The Eagles Indoors
Oct. 15, 1983: at East Tennessee, L 7-24.
Nov. 3, 1984: at East Tennessee, L 17-20
Dec. 14, 1985: at Northern Iowa, W 40-33 national semifinals
Dec. 21, 1985: vs. Furman, Tacoma, Wa., W 44-42 national championship game
Dec. 20, 1986: vs. Arkansas State, Tacoma, Wa., W 48-21 national championship game
Dec. 17, 1988: vs. Furman, Pocatello, Id., L 12-7 national championship game
Nov. 20, 1993: at East Tennessee W 31-24
Sept. 9, 1995: vs. Middle Tennessee, W 34-26 at Georgia Dome
Oct. 28, 1995: at East Tennessee, L 16-21
Nov. 1, 1997: at East Tennessee, W 38-30
Oct. 30, 1999: at East Tennessee, W 55-6
Oct. 27, 2001: at East Tennessee, L 16-19
Nov. 1, 2003: at East Tennessee, W 34-22
Ever wonder what it would be like to be on the inside of a fire engine siren on its way to a fire?
Georgia Southern’s football team is going to get an idea at 2:30 p.m. on Saturday when it meets North Dakota State in Fargo, N.D., for the semifinals of the Football Championship Subdivision playoffs.
The Bison (12-1) are an outstanding football team as evidenced by their record, which includes a 37-24 win over Minnesota, and their No. 2 seeding for the playoffs.
As if it needed any additional help, North Dakota State also has the benefit of playing in the Fargodome.
The dome, built by the City of Fargo for $48 million with the help of a half penny sales tax increase, opened in 1993. It is an 18,700 seat sound chamber that gives the Bison one of the top home field advantages in college football.
North Dakota State’s only loss of the season came at home to Youngstown State, 27-24. The Bison are 86-20 in the dome, 36-10 under Coach Craig Bohl.
While both teams are among the cream of the crop in FCS — Georgia Southern was ranked No. 1 for seven weeks and NDSU was No. 1 before losing to the Penguins — much of the talk about the Eagles this week has focused on their ability to adapt to playing indoors.
“I’ve never been there, but I’ve talked to a lot of people about it,” Georgia Southern Coach Jeff Monken said of the Fargodome. “I’ve heard it’s really loud, and that’s a concern, especially with snap counts.”
In last week’s 24-0 quarterfinal win over Lehigh, the Bison faithful were at their loudest. The decibel label was measured at 111.
To put it into perspective a decibel level of 111 is comparable to a lawn mower or chain saw. Picture parking your revved up John Deere next to Jaybo Shaw as he calls signals and expecting a wide receiver to hear the call.
Playing inside is not something new to Georgia Southern football.
Two of the biggest games in Georgia Southern history were played inside: the Eagles’ national championships in 1985 and 1986 were both won in the Tacoma Dome in Tacoma, Wa.
In winning the 1985 title GSU beat Northern Iowa in the Unidome in the semifinals.
While no records for such a category are available, it might be safe to say the Eagles are perhaps the only visiting team to win consecutive indoor games.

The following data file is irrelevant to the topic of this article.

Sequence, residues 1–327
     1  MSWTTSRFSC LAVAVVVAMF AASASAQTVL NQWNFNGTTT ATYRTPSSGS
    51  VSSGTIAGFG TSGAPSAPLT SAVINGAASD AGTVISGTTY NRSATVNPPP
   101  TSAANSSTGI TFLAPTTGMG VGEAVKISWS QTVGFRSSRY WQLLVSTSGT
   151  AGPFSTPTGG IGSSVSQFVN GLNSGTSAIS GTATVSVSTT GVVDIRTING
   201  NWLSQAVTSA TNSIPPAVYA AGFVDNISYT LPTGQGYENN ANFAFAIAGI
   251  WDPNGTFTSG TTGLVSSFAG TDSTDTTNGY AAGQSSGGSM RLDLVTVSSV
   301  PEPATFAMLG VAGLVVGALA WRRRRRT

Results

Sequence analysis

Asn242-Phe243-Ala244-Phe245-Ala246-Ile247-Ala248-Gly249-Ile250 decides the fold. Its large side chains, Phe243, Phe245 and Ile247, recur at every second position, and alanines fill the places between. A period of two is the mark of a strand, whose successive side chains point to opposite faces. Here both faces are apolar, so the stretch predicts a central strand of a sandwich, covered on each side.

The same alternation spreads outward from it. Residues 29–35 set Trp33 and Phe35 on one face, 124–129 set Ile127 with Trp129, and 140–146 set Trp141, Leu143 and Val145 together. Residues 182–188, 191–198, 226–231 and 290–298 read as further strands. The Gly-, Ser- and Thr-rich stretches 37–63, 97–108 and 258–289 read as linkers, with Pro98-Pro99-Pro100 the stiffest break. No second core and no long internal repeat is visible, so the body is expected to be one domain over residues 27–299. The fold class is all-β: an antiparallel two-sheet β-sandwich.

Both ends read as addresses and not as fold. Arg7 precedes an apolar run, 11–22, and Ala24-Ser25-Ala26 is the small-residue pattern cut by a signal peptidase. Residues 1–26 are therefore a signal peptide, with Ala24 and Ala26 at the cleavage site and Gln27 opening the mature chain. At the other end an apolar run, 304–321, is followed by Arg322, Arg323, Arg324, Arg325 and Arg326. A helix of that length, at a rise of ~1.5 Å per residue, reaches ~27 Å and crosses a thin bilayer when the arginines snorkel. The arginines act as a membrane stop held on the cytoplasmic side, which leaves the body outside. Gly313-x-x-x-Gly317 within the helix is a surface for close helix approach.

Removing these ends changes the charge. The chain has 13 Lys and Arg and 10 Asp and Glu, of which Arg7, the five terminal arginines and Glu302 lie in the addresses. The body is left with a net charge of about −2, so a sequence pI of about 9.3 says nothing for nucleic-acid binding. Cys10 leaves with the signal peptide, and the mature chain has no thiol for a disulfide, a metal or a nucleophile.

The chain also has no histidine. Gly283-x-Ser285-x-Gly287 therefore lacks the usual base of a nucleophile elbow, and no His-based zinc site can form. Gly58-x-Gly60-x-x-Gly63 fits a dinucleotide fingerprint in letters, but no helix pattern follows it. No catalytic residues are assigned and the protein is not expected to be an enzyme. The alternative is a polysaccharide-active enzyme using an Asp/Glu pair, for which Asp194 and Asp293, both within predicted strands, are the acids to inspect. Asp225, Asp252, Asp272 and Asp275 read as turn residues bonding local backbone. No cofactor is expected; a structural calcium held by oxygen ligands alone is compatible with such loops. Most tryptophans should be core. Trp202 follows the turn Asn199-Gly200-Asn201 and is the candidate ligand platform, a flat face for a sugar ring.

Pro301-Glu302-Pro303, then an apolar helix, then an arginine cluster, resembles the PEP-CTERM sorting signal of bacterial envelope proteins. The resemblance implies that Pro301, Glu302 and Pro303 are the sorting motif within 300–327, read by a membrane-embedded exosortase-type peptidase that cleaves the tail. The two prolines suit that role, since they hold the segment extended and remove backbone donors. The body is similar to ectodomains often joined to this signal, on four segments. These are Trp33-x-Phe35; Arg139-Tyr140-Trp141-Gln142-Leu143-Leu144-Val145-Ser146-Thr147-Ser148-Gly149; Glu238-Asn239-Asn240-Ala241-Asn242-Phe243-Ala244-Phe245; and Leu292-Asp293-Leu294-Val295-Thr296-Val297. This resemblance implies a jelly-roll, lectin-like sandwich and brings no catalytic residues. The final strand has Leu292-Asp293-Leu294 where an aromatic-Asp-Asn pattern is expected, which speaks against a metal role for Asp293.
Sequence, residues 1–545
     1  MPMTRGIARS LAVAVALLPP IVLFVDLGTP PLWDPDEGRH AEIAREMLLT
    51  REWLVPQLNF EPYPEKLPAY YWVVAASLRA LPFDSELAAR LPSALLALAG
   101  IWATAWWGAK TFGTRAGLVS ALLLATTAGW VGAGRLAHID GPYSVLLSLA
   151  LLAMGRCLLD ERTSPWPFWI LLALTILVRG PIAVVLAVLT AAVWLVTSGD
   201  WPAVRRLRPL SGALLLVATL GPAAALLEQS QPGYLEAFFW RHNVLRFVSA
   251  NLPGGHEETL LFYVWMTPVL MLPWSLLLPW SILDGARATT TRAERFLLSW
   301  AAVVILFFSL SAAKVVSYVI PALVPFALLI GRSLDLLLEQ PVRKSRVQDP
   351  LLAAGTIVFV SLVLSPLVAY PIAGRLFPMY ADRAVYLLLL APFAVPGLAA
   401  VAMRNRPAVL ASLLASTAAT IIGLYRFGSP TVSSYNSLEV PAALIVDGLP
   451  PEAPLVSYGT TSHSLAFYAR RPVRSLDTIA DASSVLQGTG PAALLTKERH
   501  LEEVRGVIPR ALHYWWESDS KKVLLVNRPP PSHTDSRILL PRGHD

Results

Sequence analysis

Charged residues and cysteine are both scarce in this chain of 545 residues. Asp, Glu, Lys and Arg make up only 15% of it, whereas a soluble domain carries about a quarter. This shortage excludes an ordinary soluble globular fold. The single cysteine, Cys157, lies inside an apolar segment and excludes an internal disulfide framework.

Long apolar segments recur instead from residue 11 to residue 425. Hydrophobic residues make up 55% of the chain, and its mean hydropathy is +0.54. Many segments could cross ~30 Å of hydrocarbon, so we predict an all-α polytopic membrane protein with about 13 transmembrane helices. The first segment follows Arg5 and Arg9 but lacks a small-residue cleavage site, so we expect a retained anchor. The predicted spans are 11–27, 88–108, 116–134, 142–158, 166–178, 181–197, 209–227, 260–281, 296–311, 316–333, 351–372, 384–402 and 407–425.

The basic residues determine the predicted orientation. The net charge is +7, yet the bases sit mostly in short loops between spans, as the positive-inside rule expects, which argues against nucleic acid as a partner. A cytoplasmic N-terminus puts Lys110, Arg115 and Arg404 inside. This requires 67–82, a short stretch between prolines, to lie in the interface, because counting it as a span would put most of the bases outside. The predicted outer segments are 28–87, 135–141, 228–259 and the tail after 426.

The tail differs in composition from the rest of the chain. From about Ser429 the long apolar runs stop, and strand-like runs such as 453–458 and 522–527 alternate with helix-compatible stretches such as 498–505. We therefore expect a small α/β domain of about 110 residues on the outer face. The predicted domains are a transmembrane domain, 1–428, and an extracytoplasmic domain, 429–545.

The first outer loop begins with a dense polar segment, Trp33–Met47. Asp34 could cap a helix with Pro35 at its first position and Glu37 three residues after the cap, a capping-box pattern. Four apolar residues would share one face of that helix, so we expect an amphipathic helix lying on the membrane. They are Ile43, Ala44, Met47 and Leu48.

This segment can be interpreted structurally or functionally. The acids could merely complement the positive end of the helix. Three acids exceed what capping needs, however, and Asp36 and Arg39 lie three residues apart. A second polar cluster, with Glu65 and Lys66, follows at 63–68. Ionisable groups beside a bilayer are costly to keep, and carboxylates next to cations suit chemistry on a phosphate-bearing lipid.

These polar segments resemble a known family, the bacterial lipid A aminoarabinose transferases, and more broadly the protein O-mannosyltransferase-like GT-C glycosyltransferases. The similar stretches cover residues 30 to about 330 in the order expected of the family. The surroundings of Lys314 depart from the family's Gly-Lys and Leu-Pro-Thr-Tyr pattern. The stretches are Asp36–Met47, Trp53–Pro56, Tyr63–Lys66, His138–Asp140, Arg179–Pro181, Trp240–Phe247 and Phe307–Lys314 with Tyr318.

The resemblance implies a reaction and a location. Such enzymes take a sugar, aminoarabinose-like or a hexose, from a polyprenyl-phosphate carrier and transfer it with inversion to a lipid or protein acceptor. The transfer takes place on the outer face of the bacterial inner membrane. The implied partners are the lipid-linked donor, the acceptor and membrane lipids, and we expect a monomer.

In its 30 years of football, GSU has actually played 13 games in a dome, and while it had two big indoor wins, two of its most disappointing losses also came inside.
The Eagles lost to Furman in the 1988 national championship game which was played in Pocatello, Idaho, and in 2001 East Tennessee stunned Paul Johnson’s last GSU team, 19-16.
The loss at ETSU was one of the biggest upsets in school history.
The Eagles were ranked No. 1 and were riding a 12-game winning streak. Starting quarterback J.R. Revere was injured, and although he entered the game with 1:42 to play in the third quarter with the Eagles trailing by 10 points, he couldn’t pull it out.
Georgia Southern is 8-5 indoors, and all five losses were at East Tennessee where they were 3-5. In the playoffs, the Eagles are 5-0 playing under a roof.
Monken, of course, has experience coaching indoors as he made three trips to East Tennessee, and he was on Johnson’s staff at Georgia Tech when the Yellow Jackets played LSU in the Chick-Fil-A Bowl. Also, when he was an assistant at Navy, the Middies played in the old Astro Dome in Houston.
“It’s a lot different,” Monken said. “The guys catching the ball have to spot the ball coming out of the rafters and the scoreboards. It’s difficult to deal with a dome.”
There’s also the matter of footwear. The turf in the Fargodome is worn — it is going to be replaced after this game — and hard.
“We’ll take a couple of pairs of different shoes with us,” Monken said. “We’ll have a turf shoe and tennis shoes. We’ll let the guys run around on Friday and let them decide which shoe they want to wear.”
Still, there’s the noise level which is magnified in the Fargodome due to its compactness. It’s more like a basketball arena than a facility such as the Georgia Dome.
“It’s a smaller venue,” Monken said. “The only way to keep them quiet is to make some plays.”
Shaw, who was also a member of the Tech team that played in the Chick-Fil-A Bowl, and has seen numerous games at the Georgia Dome, acknowledges playing in a dome presents problems, but nothing which cannot be overcome.
“Communication issues are always an issue,” Shaw said. “It’s a big thing. You just have to prepare the best you can.
“At the beginning of the game you get used to the noise,” Shaw said. “After the first snap it just goes back to playing football.”